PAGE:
- Intergenerational Experiences. While college students love campus life, many students also miss ‘normal life’ with people that are not their age. Playing with babies and kids? Please. Talk with a doting senior? That makes me feel good. Have coffee with the cool young professional married couple? I want to be them one day!
- Community. This is such a loaded term, but also so important in ministry for all ages; young adults and college students in particular. These students are looking for people to identify with—a tribe to call their own. Can your church offer a group for them to identify with? Perhaps a family to be their ‘campus family’ while they are away? A mentor to talk about real life issues?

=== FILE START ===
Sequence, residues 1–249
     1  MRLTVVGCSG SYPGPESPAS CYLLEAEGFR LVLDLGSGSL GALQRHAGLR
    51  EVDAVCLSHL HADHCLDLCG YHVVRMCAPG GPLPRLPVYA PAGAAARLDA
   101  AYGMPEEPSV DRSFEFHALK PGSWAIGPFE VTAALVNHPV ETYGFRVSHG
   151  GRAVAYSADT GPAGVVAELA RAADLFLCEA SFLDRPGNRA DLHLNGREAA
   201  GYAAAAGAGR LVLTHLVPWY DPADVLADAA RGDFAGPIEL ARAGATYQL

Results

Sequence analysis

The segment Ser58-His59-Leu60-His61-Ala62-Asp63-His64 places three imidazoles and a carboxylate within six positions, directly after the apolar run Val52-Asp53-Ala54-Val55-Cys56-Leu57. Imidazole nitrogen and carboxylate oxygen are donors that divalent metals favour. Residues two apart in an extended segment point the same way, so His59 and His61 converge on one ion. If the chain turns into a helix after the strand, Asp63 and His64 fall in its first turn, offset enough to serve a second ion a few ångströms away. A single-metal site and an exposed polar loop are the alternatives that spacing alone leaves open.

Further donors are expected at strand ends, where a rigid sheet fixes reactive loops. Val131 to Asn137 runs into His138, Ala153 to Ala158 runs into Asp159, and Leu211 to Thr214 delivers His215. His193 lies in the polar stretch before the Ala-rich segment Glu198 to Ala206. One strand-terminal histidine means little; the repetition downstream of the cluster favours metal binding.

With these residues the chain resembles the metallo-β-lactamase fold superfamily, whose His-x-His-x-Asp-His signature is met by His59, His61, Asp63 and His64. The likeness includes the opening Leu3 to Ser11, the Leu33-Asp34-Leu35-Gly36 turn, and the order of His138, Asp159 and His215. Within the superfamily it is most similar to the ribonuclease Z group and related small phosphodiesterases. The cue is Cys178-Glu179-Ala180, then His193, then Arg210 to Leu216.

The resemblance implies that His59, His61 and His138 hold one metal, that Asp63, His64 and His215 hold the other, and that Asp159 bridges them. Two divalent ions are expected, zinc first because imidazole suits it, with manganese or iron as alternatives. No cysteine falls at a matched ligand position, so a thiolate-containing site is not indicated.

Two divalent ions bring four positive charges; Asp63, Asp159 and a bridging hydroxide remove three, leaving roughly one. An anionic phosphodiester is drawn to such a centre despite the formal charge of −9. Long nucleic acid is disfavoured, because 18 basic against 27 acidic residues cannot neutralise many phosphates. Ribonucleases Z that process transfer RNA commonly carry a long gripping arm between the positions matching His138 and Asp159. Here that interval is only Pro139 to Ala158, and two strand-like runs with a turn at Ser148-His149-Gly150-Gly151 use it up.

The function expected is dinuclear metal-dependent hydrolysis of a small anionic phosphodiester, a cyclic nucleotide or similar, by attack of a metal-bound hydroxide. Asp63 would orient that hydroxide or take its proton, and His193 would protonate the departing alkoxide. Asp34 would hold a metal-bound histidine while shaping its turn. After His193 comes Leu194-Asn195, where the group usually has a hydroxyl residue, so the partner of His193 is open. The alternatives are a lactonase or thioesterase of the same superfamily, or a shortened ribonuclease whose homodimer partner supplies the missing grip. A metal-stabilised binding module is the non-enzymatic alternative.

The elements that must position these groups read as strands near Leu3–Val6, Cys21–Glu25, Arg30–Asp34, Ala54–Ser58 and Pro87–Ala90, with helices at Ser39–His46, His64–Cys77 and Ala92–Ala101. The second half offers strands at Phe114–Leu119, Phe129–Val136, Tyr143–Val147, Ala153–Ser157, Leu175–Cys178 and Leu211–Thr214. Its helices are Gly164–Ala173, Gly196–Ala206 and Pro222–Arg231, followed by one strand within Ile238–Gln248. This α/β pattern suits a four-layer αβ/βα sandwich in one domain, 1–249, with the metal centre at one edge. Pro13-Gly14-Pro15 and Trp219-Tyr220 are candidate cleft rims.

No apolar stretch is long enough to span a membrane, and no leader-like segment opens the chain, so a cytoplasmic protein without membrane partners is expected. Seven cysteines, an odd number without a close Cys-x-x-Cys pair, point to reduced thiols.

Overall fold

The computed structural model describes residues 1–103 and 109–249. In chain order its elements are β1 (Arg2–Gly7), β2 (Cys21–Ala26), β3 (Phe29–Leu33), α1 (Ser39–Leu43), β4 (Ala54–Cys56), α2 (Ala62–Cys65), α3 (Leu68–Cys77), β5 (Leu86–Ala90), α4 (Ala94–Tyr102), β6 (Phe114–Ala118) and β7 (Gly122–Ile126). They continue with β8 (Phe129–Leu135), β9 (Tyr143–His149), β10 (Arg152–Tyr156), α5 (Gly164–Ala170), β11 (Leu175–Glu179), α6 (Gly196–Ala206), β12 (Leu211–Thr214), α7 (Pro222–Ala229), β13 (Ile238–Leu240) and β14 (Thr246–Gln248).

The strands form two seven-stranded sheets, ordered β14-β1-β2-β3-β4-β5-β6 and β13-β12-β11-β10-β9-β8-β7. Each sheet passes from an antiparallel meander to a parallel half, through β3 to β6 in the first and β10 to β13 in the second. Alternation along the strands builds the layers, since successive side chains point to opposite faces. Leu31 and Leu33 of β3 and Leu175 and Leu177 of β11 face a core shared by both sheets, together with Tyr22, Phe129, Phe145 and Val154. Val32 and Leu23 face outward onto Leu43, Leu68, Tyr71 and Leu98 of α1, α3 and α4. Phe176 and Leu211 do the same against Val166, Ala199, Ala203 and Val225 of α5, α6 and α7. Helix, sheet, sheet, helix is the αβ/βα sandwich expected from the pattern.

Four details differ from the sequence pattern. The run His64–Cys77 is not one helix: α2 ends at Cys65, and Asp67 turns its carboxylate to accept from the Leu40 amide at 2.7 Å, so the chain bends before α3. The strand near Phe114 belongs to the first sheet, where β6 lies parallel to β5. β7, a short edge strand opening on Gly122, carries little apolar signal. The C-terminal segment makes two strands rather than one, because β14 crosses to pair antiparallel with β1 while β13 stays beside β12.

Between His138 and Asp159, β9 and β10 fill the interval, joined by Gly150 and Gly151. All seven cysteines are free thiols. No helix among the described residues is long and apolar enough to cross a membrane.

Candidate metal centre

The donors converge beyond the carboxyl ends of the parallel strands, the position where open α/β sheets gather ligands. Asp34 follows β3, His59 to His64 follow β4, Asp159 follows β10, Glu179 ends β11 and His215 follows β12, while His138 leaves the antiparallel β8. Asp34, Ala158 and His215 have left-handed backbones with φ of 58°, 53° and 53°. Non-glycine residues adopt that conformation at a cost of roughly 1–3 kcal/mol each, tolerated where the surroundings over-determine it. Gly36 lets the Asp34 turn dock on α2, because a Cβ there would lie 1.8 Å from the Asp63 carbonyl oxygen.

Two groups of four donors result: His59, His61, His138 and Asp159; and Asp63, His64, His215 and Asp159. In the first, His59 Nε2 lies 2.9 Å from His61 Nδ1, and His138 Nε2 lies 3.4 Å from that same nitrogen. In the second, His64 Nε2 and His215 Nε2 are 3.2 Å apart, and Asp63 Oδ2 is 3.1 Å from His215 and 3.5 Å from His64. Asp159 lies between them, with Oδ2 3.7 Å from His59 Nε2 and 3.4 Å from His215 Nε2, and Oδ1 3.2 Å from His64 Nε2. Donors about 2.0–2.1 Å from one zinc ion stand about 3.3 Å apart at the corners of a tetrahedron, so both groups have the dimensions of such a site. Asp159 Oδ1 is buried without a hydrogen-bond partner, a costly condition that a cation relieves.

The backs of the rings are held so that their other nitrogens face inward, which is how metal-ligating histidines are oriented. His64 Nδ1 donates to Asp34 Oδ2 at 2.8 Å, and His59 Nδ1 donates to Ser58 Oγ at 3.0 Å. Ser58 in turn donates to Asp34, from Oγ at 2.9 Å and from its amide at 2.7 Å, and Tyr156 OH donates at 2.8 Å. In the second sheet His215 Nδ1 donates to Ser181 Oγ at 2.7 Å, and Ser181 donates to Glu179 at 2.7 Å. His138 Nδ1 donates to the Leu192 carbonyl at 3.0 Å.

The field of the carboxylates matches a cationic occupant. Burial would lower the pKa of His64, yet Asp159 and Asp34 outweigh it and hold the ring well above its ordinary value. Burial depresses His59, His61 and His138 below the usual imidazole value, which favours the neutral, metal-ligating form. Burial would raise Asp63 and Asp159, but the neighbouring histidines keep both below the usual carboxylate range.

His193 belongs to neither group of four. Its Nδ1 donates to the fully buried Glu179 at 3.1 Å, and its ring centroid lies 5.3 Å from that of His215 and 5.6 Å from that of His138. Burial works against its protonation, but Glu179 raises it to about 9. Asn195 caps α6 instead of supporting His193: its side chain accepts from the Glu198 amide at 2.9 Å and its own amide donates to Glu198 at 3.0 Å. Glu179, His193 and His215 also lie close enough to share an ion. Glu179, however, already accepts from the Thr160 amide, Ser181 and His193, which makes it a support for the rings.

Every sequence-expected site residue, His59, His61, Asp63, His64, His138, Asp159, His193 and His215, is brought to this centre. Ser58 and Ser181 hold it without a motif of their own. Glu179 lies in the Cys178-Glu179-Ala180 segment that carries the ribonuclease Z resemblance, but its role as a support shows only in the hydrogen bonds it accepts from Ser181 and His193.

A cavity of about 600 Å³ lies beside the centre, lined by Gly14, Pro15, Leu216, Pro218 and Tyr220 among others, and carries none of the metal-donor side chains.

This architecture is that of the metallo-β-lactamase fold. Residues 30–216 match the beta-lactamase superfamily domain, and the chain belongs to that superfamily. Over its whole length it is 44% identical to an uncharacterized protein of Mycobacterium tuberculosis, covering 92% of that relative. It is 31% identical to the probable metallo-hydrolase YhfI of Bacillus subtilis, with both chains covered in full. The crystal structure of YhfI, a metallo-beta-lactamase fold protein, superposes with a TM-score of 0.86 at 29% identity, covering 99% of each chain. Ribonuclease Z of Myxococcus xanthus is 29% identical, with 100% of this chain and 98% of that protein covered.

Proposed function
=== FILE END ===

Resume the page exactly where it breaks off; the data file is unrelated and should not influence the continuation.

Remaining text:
As great as this all sounds, the reality is that most of our congregations will not have many young people magically sitting in the pews on Sunday morning. When this happens, Jesus still calls us to love our neighbors, and in my opinion this means especially the young people…
Loving ‘Outside the Walls’
- Internet & Social Media Presence. If a college student were to want to visit; what would be their experience? Is your web and social media presence up to date and relevant so that visitors can easily learn about your church, especially worship opportunities?
- Hospitality on the Road. Perhaps they won’t come to you, but what is stopping you from going to them? Talk with the campus spiritual life office or administration, get permission to visit. Perhaps it means your church handing out refreshing drinks or snacks on a hot day. Maybe hiring a masseuse for the afternoon on the quad. The key is to give the students a bit of a break from their hectic days.